We know that Briana Collier briefed Perez, so Perez was looking at the Twin Metals project through the lens of the briefing document Interior provided. And if this briefing was anything like the one page briefing prepared around the same time for Zinke by Kathleen Benedetto — if that April 25 briefing represents the general position of Interior at that point in time — we can observe one thing at least. By April, the US government had completely set aside the previous findings of the US Forest Service and any consideration of the serious environmental risks posed by sulfide mining operations on lands adjacent to the Boundary Waters. The Benedetto briefing makes no mention whatsoever of these concerns. In fact, when Doug Domenech took a briefing on the Twin Metals project for the White House a little over a month later, on June 1, 2017, he apparently read what Benedetto sent him and needed some clarification on this point. That much is clear from Benedetto’s reply:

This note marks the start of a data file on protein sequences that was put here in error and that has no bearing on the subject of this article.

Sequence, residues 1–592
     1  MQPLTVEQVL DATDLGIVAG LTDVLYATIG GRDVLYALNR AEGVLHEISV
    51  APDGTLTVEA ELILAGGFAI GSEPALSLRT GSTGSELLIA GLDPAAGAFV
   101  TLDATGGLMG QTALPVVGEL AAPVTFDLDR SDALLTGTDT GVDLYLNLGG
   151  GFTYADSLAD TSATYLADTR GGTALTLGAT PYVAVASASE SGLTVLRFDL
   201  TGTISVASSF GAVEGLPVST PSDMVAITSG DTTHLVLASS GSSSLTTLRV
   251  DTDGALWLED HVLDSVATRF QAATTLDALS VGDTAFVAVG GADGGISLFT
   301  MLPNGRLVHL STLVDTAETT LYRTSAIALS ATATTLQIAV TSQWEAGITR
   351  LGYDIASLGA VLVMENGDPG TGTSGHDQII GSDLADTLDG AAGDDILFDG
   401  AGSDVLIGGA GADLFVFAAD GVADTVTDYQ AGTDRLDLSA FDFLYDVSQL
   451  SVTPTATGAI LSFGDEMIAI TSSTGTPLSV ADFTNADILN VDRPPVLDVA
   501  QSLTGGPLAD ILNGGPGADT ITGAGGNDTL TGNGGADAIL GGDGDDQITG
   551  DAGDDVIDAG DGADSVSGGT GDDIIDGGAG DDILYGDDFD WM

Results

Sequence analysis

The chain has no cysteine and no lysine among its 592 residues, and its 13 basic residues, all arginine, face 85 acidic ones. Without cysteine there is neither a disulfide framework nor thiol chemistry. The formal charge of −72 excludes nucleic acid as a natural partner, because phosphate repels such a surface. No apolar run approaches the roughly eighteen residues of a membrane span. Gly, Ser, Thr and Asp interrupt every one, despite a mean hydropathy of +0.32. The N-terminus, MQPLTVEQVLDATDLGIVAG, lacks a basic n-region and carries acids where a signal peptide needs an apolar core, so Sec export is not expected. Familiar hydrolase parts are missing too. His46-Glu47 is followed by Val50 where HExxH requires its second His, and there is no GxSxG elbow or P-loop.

Benedetto_to_Domenech1June2017

Sic. And with that sloppily written gesture, which barely manages to disguise its contemptuous disregard, Benedetto relegates all science and science-based policy that would caution against permitting sulfide mining in this region to what “people opposed to the project believe.” (The only risk Benedetto appears to consider worth mentioning is the exposure of the American Taxpayer — the initial capitals are hers — to takings litigation, adding that BLM values the Twin Metals deposit at $49.48 billion. The figure is based on a 2014 BLM report that assumes a 44% rate of return. That $400 million investment sure has grown.)